The following year, another major movie would truly signal the end of traditional special effects. They had planned to create the dinosaurs in Jurassic Park (1993) with advanced stop motion animation. Spielberg hired the best guys in the business. Stan Winston would design the creatures and Phil Tippett would animate them. He also hired Michael Lantieri, a practical effects genius and Dennis Muren, a visual effects wizard. The team had already built the dinosaurs, and Light & Magic gives us a few images of what the Velociraptors looked like with stop-motion. They’re certainly impressive, but since we are now used to digital effects, the unrealness becomes an issue. Once they did a successful test with a digital T-Rex running through a landscape everybody knew: visual effects will never be the same again. “I feel extinct”, said Tippett, and Spielberg used that line in the movie.

So 1993 was the year of the big breakthrough of digital effects, and they would be used for many successful movies in the nineties, like The Mask (1994), Forrest Gump (1994), Jumanji (1995) and Star Wars Episode I: The Phantom Menace (1999). The documentary series ends with the final innovation that the visionary George Lucas had anticipated all along. The tv-series The Mandalorian (2019) is shot entirely in a round set called ‘The Volume’. This is ILM’s replacement for the green-screen. It uses a massive, curved LED screen to create photorealistic backdrops, circumventing the need for outdoor locations or extensive physical sets. Due to this innovation, The Mandalorian is able to deliver Star Wars effects on a tv-schedule and budget. ILM, which had started with a group of creative designers in a warehouse at Van Nuys, is still pushing the boundaries in creating cinema magic today, now also for the small screen.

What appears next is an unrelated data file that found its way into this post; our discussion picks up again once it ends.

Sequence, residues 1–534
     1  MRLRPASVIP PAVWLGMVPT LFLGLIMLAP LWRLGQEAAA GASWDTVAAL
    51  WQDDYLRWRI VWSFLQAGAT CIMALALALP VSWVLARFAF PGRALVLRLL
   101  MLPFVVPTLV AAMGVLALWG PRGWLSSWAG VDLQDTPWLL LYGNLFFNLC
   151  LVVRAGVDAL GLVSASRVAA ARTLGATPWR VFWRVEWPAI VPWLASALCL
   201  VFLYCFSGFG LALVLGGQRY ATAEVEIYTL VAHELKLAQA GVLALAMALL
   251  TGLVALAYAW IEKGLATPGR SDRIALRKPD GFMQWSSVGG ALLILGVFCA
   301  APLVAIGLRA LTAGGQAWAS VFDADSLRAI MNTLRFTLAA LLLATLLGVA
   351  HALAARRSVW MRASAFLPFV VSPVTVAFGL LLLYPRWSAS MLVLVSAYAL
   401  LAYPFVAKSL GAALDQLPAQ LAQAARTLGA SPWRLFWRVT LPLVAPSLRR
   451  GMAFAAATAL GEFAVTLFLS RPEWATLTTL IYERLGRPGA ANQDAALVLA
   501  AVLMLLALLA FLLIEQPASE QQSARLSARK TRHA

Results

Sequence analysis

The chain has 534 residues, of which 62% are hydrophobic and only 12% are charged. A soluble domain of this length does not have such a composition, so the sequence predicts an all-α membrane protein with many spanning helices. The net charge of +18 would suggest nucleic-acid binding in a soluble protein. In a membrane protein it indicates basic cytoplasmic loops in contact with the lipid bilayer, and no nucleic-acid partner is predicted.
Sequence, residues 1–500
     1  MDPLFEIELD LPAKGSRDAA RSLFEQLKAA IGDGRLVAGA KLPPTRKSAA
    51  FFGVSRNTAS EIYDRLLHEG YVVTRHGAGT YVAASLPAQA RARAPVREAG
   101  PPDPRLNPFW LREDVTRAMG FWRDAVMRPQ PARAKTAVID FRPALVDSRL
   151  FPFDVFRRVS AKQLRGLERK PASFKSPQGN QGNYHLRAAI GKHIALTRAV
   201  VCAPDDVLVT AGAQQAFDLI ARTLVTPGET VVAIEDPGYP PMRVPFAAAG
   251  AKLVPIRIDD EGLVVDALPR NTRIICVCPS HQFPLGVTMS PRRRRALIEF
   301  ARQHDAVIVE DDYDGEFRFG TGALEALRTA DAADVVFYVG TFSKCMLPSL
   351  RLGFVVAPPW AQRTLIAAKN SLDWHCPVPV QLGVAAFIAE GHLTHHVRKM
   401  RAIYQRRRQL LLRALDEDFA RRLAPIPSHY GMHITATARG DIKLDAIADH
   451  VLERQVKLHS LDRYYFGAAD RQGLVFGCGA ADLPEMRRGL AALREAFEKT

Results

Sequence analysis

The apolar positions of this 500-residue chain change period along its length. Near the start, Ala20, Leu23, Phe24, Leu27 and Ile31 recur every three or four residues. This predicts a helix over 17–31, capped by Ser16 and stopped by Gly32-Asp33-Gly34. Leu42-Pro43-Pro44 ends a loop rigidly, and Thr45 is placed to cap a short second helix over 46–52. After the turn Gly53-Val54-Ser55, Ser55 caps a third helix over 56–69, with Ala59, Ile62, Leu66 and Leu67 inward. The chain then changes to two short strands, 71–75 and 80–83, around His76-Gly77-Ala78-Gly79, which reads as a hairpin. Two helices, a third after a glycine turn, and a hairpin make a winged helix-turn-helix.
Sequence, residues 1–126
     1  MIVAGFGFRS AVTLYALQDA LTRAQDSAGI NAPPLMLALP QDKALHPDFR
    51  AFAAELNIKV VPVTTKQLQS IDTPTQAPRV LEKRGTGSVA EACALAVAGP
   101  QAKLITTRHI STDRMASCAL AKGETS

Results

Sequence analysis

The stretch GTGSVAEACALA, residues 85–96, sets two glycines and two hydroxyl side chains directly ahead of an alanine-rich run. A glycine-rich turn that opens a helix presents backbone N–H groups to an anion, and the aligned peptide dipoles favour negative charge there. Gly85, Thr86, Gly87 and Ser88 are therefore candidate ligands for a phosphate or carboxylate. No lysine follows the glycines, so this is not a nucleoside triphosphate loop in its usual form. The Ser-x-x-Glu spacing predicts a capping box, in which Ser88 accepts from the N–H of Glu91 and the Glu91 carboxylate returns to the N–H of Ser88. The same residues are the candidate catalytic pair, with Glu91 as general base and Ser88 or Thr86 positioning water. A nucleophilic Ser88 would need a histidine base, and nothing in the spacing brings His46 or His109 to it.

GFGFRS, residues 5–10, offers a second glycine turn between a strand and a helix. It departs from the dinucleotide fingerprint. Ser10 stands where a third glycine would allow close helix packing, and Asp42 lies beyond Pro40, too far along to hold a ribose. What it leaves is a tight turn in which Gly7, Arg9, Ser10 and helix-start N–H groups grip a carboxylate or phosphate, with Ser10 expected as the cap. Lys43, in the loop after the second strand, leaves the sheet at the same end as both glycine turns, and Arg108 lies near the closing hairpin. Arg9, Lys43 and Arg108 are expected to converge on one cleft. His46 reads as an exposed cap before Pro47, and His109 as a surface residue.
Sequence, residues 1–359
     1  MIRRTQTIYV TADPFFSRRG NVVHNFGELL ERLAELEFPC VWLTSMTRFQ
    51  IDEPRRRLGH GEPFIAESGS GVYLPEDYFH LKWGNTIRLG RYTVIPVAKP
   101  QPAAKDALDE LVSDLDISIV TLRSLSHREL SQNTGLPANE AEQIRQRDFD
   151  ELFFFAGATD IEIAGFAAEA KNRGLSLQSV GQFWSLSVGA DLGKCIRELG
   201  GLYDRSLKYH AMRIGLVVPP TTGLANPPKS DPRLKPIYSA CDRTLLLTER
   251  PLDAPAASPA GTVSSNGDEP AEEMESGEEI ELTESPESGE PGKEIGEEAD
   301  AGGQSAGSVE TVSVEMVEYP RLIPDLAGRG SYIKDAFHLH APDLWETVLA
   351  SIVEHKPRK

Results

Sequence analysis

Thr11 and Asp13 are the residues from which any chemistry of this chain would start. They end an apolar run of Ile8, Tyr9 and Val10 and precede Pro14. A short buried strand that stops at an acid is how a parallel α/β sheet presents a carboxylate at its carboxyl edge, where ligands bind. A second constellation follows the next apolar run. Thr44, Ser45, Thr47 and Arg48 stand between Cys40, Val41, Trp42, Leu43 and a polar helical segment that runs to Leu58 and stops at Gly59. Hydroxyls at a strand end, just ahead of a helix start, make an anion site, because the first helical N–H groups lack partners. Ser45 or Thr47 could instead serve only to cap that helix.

Cult Radar: Part 5 is glad to explore the video trenches to find that oddball treasure between the piles of crap out there. Off course a treasure in this context can also be a film that’s so shockingly bad it’s worth a look, or something so bizarre that cult fans just have to see it. Join us on our quest and learn what we learn. Hopefully we’ll uncover some well-hidden cult gems.

Researched by: Jeppe Kleijngeld

The Inglorious Bastards (Italy, 1978)
OT: Quel maledetto treno blindato

Directed by: Enzo G. Castellari
Written by: Sandro Continenza, Sergio Grieco, Franco Marotta,
Romano Migliorini, Laura Toscano